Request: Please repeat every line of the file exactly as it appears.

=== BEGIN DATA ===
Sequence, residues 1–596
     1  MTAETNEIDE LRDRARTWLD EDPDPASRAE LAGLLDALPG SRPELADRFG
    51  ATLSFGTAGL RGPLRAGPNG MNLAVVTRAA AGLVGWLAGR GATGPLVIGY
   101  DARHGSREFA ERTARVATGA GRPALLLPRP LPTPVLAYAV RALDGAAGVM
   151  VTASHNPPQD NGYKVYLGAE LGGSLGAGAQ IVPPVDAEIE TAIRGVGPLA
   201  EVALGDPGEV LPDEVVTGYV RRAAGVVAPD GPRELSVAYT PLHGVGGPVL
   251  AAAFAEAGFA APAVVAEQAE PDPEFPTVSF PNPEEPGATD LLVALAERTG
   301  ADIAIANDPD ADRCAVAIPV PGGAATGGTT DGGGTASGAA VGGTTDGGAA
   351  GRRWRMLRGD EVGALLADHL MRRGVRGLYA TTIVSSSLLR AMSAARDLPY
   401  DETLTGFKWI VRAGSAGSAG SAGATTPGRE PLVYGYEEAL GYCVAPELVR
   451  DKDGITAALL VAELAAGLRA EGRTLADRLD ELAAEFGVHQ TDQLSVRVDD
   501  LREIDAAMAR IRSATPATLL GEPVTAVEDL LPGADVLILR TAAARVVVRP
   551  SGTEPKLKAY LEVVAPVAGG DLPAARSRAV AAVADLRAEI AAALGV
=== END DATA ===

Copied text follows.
Sequence, residues 1–596
     1  MTAETNEIDE LRDRARTWLD EDPDPASRAE LAGLLDALPG SRPELADRFG
    51  ATLSFGTAGL RGPLRAGPNG MNLAVVTRAA AGLVGWLAGR GATGPLVIGY
   101  DARHGSREFA ERTARVATGA GRPALLLPRP LPTPVLAYAV RALDGAAGVM
   151  VTASHNPPQD NGYKVYLGAE LGGSLGAGAQ IVPPVDAEIE TAIRGVGPLA
   201  EVALGDPGEV LPDEVVTGYV RRAAGVVAPD GPRELSVAYT PLHGVGGPVL
   251  AAAFAEAGFA APAVVAEQAE PDPEFPTVSF PNPEEPGATD LLVALAERTG
   301  ADIAIANDPD ADRCAVAIPV PGGAATGGTT DGGGTASGAA VGGTTDGGAA
   351  GRRWRMLRGD EVGALLADHL MRRGVRGLYA TTIVSSSLLR AMSAARDLPY
   401  DETLTGFKWI VRAGSAGSAG SAGATTPGRE PLVYGYEEAL GYCVAPELVR
   451  DKDGITAALL VAELAAGLRA EGRTLADRLD ELAAEFGVHQ TDQLSVRVDD
   501  LREIDAAMAR IRSATPATLL GEPVTAVEDL LPGADVLILR TAAARVVVRP
   551  SGTEPKLKAY LEVVAPVAGG DLPAARSRAV AAVADLRAEI AAALGV